1 cup minced green onion
2 quarts chicken stock
4-5 cans diced tomatoes
2 bay leaves
2 tsp. dried thyme leaves
2 tsp. oregano
1 tsp. allspice
1/2 tsp. cayenne
1/2 tsp hot sauce
2-3 lbs smoked sausage or andouille if you prefer
3 lbs chicken
In a large stock pot (preferably at least 8 quarts) add your chicken and add just enough water to cover the chicken. Add some salt, pepper, garlic powder to give chicken little extra flavor.
Cook until chicken falls from bone, remove from pot and cut into uniform pieces, add back to pot.
In large heavy skillet (I use cast iron chicken fryer), heat oil and flour over medium high heat, stirring constantly to prevent burning. Cook approximately 10 min until it has turned a caramel color. (Some people prefer a darker roux, if so just continue cooking until desired color is achieved.)
To the roux, add all the vegetables and continue cooking for 5 minutes. Remove from heat and add by large spoonfuls to the stockpot, stirring after each addition.
Once the roux has been added, then add your tomates, if using frozen just put them in frozen - they'll cook down. If you use diced tomates, crush them as you add them. Slice smoked sausage into 1/4 rounds and add to pot.
Allow this mixture to simmer for about an hour, and you'll have a hearty
Serve over rice or mashed potatoes it makes a terrific meal
This is one of those soups that only gets better as it is reheated, so you can eat on it for a couple days if you like, and my family sure does.
Instead of 4-5 cans diced tomatoes (or you can use frozen tomatoes also, as I do. I use about 2 quarts of frozen.
For the chicken, I use half breasts and half thighs to make my stock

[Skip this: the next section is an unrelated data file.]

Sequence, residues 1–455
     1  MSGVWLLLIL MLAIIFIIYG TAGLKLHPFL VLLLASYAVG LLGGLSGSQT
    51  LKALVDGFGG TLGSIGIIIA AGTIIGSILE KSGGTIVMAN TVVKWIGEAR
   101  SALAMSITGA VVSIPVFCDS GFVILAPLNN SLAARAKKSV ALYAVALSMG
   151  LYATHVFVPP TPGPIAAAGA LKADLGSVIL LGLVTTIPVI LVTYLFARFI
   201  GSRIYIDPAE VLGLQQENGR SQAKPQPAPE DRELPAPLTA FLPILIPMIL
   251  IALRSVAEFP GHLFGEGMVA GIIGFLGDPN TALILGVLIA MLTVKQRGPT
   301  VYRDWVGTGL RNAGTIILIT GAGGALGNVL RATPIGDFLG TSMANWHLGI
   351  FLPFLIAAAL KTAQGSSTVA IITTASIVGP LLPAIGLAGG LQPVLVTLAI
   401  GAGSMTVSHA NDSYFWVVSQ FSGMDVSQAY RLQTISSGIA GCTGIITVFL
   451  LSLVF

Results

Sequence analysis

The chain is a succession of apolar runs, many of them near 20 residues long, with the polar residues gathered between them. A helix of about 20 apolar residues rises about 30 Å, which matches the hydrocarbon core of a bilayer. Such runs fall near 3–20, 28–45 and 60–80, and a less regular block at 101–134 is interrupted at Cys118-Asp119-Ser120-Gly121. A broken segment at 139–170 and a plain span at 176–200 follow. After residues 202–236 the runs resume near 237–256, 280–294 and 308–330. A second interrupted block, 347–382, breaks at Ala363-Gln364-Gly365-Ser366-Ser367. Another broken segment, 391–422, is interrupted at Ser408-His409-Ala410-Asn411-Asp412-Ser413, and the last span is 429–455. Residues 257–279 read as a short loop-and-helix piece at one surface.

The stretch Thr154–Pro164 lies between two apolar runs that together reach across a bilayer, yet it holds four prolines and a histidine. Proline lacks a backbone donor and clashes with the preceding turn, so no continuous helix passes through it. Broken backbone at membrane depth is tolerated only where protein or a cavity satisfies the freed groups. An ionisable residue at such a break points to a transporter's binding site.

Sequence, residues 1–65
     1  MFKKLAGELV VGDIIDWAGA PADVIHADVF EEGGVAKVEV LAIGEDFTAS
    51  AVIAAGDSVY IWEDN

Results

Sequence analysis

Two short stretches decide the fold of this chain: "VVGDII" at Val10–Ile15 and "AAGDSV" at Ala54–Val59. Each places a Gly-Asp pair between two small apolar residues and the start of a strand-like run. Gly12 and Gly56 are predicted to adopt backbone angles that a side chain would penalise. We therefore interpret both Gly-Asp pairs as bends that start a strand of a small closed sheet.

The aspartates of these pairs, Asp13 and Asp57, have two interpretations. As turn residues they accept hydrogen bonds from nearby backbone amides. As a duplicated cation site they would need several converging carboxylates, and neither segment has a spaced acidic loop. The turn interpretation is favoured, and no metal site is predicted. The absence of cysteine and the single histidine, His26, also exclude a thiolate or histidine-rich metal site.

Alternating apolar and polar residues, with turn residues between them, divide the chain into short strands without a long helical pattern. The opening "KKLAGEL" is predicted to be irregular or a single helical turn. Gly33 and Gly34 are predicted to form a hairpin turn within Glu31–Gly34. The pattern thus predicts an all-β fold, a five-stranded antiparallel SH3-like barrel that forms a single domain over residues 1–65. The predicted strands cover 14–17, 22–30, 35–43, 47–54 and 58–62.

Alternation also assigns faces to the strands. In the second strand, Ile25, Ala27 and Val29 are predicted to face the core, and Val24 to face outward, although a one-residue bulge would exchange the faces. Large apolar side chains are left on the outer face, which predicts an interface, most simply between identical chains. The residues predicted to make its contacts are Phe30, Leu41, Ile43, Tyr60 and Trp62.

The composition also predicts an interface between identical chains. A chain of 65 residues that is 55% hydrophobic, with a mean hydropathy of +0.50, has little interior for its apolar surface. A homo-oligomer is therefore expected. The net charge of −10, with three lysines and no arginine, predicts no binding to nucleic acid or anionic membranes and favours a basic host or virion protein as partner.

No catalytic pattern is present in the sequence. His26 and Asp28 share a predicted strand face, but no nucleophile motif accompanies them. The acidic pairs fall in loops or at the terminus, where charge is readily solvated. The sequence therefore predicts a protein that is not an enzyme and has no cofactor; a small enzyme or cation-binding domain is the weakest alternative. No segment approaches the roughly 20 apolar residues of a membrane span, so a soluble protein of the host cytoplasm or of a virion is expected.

have more flavor. Be sure to leave the skin on the thighs while boiling,
you can skim excess fat off when they are done, or leave it in.
Prep time: 1 to 1-1/2 hours
2-3 smoked ham hocks
2 cups water
3 pounds collard greens
(you can substitute or mix in turnip, dandelion, mustard, beet greens or kale
3 cups beef broth, homemade or canned
1 tablespoon cider vinegar
1 teaspoon granulated sugar
1/8 teaspoon hot red pepper flakes, crushed
Bring the ham hocks and water to a boil over high heat in a large kettle. Reduce the heat and simmer, covered, for 1-2 hours, or until the meat is falling-off-the-bone tender.
Wash the greens thoroughly under running water to remove grit. Discard the stems and chop the greens coarsely.
Increase the heat under the ham hocks to medium-high, and add some of the greens to the pot. Cover, and let the greens wilt, about 5 minutes; stir the greens down. Repeat the process with more batches until all the greens fit into the pot.
Stir in the broth, vinegar, sugar and red pepper flakes, and bring to a boil. Reduce the heat to medium-low and cover partially. Cook, stirring occasionally, until the greens are very tender, about 1 hour.
Eat hamhocks right along with the greens, or remove the meat from the bones, chop, and stir back into the greens, discarding the bones. Serve with hot sauce on the side. The pot liquor can be used as a dip for hot cornbread.
This is the perfect accompaniment for stews and chili.
1 cup yellow cornmeal
1 cup flour
1/4 cup sugar
1 tblsp baking powder
1 tsp salt
1/3 cup oil
1 cup milk
Combine dry ingredients in bowl and mix well. Combine oil, egg, and milk together. Mix well. Stir into dry ingredients until just
blended (don't overmix - batter will be lumpy).
Pour into well-greased 8-inch square pan. Bake at 400 degrees for 25 minutes.
Down Home Sweet Potato Pie
4 large sweet potatoes
2 cups sugar
1 stick butter
1 pinch cinnamon
1 pinch nutmeg
1 pie crust
1/2 cup milk
Preheat oven to 375 F.
Boil sweet potatoes until tender, but firm. (The sweet potatoes should not be falling apart.) Remove from hot water and cool. Once cooled, peel the skin from the sweet potatoes.
Put the peeled sweet potatoes in a large mixing bowl and mash them thoroughly with a potato masher. Melt the butter and pour it - with the other ingredients - in the bowl of potatoes. Stir until well mixed.
Pour the potatoes mixture into a prepared pie crust and bake in 375 F oven for 35-45 minutes, or until a toothpick inserted in the center comes out dry.